In the final part of the paper, the authors attribute unagreement in the Italo-Romance dialects to contact with Greek. The influence of Greek on the Romance varieties in the area has been argued for in a number of domains, including morphosyntax (see Rohlfs 1924 and subsequent work, and Ledgeway 2013 for a recent overview). The authors offer a separate discussion for southern and northern Calabrian dialects, to support the hypothesis that unagreement is yet another contact-induced feature, attesting to the intense contact between Italo-Greek and Italo-Romance in the area.

3. Envoi

I would like to thank all authors for their collaboration throughout all stages of the publication process, as well as the editors of the journal for their interest and faith in this particular project. Special thanks go to the reviewers, whose comments led to substantial improvement of all papers; in alphabetical order they are: Elena Anagnostopoulou, Christina Guardiano, Marit Julien, Theodore Markopoulos, Ad Neeleman, Vasilis Spyropoulos, Arxonto Terzi, and George Tsoulas.


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One of the major persisting lacunae, underlined in Trudgill (op.cit.), is the lack of a dialect atlas for the Greek language area (with the notable exception of Crete, on which see Kontosopoulos 1988), and the related lack of a classification for Modern Greek dialects; see Trudgill (op.cit.) for discussion, and an explicit contribution to the latter point.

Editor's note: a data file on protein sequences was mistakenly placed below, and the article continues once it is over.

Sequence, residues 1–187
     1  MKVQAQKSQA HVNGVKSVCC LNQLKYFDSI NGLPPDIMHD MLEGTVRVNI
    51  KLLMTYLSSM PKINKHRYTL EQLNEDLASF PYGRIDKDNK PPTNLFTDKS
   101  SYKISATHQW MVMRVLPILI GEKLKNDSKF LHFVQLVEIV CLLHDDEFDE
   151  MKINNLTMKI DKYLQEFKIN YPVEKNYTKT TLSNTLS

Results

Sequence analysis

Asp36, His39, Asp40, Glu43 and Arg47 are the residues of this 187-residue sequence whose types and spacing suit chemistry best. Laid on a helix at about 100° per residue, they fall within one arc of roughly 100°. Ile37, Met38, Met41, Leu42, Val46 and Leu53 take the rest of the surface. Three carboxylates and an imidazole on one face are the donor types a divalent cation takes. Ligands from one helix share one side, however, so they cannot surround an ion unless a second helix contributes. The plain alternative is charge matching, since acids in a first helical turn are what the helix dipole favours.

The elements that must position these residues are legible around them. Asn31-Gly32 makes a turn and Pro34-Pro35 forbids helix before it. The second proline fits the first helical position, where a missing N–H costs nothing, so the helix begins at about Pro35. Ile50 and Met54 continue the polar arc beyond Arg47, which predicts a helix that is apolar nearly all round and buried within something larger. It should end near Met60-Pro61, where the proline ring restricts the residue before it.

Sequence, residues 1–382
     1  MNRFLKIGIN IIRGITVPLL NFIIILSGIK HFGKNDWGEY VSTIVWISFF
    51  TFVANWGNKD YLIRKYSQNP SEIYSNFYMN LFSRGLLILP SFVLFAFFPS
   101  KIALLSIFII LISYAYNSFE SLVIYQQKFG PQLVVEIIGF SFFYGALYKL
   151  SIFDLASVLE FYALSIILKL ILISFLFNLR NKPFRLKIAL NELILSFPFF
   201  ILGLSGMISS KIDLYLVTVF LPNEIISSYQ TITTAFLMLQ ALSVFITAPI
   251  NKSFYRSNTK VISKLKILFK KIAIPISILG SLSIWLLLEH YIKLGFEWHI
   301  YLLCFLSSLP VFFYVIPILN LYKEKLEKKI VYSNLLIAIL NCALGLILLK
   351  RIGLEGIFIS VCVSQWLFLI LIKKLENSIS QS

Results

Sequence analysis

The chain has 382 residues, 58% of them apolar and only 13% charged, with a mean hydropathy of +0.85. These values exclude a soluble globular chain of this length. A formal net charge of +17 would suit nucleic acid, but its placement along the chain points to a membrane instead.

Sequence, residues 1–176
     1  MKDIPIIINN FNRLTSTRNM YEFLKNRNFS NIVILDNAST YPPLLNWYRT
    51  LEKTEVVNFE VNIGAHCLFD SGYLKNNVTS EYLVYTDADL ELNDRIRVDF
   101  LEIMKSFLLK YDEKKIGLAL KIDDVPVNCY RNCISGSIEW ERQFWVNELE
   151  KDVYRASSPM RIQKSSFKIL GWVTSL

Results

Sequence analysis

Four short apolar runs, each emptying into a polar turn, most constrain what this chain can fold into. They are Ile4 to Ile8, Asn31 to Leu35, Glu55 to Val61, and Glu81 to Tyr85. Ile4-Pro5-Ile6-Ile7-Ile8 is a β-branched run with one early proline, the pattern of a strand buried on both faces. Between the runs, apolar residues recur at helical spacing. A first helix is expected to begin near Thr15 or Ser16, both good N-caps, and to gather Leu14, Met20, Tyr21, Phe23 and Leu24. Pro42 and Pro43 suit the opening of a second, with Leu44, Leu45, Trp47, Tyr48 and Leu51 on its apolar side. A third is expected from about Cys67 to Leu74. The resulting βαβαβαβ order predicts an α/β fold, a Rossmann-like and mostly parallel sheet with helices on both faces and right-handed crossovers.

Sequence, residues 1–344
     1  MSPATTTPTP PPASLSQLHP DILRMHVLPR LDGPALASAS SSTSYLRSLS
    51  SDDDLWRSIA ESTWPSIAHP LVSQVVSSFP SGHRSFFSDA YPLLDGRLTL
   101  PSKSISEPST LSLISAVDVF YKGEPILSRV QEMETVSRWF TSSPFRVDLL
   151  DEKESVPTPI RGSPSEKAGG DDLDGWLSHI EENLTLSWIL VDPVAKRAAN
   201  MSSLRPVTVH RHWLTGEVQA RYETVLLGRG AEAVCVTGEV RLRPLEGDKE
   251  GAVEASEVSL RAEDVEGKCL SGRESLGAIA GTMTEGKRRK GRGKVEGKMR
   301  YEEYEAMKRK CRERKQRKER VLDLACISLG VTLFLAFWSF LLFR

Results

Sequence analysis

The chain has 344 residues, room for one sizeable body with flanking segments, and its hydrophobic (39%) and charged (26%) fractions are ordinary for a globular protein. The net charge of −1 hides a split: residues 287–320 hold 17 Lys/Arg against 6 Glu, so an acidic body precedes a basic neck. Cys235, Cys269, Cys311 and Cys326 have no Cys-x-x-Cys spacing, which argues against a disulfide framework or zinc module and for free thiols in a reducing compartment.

This is referred to by Baker (2008: 253) as the Borer-Chomsky conjecture, stated as in (i):

i The Borer-Chomsky Conjecture (BCC)

All parameters of variation are attributable to differences in the features of particular items (e.g., the functional heads) in the lexicon.

Baker (op.cit.) argues that the locus of syntactic variation is not exhausted by (i). Syntactic variation does not, in other words, always reduce to lexical variation. See Baker’s paper for the argumentation as to why conducting macro-parametric, in addition to micro-parametric research, is necessary, also from the perspective of determining the answer to this question.

This extends to phenomena only or mainly attested in dialects, such as for instance the pervasiveness of doubling phenomena in dialects, as examined in the collection of papers in Barbiers et al. (2008b). Note that the tendency for certain phenomena to mainly occur in dialects in itself generates a new set of research questions.

The insights dialects can offer to diachronic research are, of course, another point which is worth highlighting. See Joseph (1983) for an early discussion of the loss of infinitives in the diachrony of Greek, and see Baldissera (2013) for an examination of its retention in Griko, the Modern Greek dialect of Puglia. Another recent example of the fruitful interaction between diachronic and dialectal research, on (the loss of) nominal morphology in Cappadocian Greek, is Karatsareas (2013).

For an example from Modern Greek dialects see the searchable database in Lekakou et al. (2013),